Today, umbrellas are consumer items and sometimes even seen as disposable. Parasols are nothing more than a distant memory associated with sunny strolls through French formal gardens. However, it hasn't always been like this. Let's find out more…

Umbrellas first appeared in China in the 12th century BC and were used in Rome from the 1st century AD to shelter from the sun at the theater and during chariot races. In 16th-century Japan, parasols protected people from the whims of the weather and were a must-have fashion accessory for all seasons.

When Catherine de' Medici arrived in France in 1533, her luggage included a parasol and a fan. In 1718, the Académie française (the French language council) accepted the use of the term "parapluie" (umbrella) to refer to a device which protected the user from either sun or rain.

From the French Revolution to the beginning of the 20th century, nearly 1,400 patents were filed detailing all the innovations that lead to the creation of the umbrella as we know it today.

Umbrella, parasol and ...
The umbrella and parasol are both constructed in the same way, although the latter is not waterproof and only protects the user from the sun. In France, in the 19th century, other terms were used to refer to the umbrella, such as "marquise" (canopy) and "en-cas", "encas" or even "en-tout-cas" (all variations on the French for "in any case"). The umbraculum is a flat, long-handled umbrella used to provide shade for the Blessed Sacrament, the Pope or other senior Church dignitaries. There are also other terms that refer to umbrellas and parasols, some more poetic than others, such as "paraverse" and "abris de lumière".
The umbrella and advertising
In the 19th century, not everyone could afford an umbrella or parasol. Among members of a certain level of society, these everyday items drew a great deal of attention whenever they were seen, and as a result they began to be branded.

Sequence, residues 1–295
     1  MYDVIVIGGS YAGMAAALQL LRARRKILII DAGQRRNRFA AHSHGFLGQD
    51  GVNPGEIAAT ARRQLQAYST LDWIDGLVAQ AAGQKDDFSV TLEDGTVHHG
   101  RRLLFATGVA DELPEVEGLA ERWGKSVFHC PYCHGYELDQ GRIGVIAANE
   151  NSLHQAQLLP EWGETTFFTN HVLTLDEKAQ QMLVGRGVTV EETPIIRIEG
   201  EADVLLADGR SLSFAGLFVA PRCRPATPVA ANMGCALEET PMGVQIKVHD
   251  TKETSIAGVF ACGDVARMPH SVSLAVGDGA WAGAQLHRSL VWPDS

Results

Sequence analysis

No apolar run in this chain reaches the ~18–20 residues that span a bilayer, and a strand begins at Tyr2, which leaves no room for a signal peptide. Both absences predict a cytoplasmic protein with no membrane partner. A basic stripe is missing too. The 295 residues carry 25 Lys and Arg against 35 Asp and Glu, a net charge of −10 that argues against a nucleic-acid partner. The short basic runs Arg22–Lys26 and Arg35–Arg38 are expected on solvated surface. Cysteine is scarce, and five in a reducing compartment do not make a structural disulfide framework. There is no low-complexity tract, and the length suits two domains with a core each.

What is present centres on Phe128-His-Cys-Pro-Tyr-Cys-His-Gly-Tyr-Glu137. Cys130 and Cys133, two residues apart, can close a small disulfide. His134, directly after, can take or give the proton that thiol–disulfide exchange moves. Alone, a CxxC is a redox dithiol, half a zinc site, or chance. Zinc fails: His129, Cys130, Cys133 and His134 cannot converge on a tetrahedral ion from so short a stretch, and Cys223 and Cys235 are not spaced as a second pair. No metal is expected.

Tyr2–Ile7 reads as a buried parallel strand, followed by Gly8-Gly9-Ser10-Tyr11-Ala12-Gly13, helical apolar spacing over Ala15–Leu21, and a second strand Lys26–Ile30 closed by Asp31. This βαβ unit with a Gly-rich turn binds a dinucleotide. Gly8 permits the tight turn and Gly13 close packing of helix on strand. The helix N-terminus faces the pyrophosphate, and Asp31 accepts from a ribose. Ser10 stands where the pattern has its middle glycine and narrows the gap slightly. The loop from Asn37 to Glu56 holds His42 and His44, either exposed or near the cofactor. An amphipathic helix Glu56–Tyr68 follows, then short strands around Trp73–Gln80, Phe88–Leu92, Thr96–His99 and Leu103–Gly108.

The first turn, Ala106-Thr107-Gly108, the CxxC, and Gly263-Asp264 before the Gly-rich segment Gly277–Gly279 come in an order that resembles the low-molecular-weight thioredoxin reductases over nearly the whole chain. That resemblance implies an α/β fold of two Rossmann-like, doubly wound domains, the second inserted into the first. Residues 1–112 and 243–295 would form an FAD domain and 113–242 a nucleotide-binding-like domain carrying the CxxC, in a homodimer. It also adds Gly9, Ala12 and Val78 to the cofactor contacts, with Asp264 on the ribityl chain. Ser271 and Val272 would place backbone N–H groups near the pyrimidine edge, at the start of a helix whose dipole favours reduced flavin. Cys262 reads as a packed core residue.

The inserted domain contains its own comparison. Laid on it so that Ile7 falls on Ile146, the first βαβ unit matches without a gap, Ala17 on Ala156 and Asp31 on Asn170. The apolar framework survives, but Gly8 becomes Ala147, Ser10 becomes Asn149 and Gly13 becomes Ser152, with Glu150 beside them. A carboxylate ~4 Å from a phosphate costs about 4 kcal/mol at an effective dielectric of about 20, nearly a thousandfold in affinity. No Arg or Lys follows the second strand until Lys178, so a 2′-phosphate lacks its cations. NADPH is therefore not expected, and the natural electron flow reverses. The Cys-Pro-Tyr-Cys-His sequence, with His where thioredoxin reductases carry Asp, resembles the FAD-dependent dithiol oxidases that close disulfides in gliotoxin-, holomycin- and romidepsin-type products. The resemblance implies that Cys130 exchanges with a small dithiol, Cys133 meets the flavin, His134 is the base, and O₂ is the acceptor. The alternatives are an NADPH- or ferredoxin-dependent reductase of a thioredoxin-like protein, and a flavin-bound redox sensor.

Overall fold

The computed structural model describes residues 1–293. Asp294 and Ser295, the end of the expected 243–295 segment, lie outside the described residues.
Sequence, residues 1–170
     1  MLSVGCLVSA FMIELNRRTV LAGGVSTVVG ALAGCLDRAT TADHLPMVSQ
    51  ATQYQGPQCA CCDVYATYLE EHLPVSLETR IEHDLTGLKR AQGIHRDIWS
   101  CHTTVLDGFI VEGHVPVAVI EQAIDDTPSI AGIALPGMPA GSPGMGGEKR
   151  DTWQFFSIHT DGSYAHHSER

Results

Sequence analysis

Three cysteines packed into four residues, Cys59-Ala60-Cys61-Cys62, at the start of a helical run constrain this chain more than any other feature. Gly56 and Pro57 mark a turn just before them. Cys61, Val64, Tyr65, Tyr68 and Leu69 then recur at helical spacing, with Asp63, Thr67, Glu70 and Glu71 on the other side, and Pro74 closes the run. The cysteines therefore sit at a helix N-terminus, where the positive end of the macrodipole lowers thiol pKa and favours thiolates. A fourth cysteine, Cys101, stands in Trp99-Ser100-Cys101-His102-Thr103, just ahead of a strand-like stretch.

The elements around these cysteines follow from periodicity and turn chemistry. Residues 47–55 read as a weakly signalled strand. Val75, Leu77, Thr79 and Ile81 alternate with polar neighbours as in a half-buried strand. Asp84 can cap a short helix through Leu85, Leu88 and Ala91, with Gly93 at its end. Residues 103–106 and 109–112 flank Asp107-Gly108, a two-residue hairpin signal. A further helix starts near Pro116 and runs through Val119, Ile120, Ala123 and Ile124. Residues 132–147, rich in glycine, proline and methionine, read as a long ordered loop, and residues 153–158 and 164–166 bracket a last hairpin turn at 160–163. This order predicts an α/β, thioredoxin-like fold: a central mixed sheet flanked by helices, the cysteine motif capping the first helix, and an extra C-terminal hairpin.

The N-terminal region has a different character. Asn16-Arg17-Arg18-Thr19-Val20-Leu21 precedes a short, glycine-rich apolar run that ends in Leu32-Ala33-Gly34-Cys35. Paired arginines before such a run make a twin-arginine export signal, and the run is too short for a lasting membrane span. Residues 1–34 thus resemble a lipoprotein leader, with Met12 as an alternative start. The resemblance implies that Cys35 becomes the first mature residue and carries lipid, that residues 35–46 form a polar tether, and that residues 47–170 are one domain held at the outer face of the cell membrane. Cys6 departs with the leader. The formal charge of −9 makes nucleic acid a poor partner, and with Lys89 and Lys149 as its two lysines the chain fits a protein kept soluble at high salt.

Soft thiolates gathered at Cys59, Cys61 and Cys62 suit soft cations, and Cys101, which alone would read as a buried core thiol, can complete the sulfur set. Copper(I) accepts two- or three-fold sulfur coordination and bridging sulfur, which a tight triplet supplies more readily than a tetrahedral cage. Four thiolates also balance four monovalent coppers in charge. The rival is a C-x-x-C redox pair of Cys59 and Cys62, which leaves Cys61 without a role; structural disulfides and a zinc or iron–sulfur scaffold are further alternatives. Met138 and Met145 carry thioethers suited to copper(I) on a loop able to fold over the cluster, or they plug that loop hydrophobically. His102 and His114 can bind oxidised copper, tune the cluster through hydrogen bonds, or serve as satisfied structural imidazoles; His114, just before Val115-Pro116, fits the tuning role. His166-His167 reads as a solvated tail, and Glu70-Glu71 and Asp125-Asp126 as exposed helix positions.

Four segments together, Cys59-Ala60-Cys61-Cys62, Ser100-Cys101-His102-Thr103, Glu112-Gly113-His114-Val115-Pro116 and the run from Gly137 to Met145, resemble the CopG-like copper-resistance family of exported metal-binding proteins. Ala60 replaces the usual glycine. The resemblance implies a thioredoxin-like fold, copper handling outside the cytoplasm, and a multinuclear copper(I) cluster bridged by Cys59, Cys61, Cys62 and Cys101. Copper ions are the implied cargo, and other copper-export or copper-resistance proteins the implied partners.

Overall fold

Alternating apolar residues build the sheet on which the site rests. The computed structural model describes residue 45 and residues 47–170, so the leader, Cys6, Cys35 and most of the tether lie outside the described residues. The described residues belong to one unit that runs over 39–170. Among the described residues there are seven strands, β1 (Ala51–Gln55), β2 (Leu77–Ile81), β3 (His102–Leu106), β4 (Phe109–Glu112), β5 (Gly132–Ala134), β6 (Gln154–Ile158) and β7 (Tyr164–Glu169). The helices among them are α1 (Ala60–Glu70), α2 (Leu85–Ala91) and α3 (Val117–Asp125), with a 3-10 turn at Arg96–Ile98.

In this century of advertising and posters, umbrellas and parasols became advertising media in their own right.

In the 19th century, umbrella and parasol manufacturers were mostly based in Paris and other cities. This was possibly because they wanted to have direct contact with their customers and with any new innovations that were emerging. These manufacturers were always willing to try out new fabrics and use more modern methods. However, the objects' portability lead to certain inventors making some bizarre improvements that did not last…

…such as this rescue umbrella, a gadget worthy of a James Bond movie.

A Luxury object
Today, the umbrella is impersonal: we lend it out, we lose it, we buy another one. This was not the case in the 19th century, when umbrellas were made by skilled workers using expensive materials. Their high cost made them the exclusive preserve of the wealthy.

After the French Revolution, the umbrella (like the cane) was seen as a symbol of the bourgeoisie and more particularly of "rentiers," land owners with a private income.

The collapsible umbrella
Although collapsible umbrellas and parasols were already around at the beginning of the 19th century (and probably before), during the next hundred years inventors improved the design to make them smaller and enable users to take them almost anywhere.

Various systems were patented for this purpose. The umbrellas and parasols developed in the 19th century already had all the technical innovations that are modelled in today's versions.

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Conception et réalisation : service Archives, INPI

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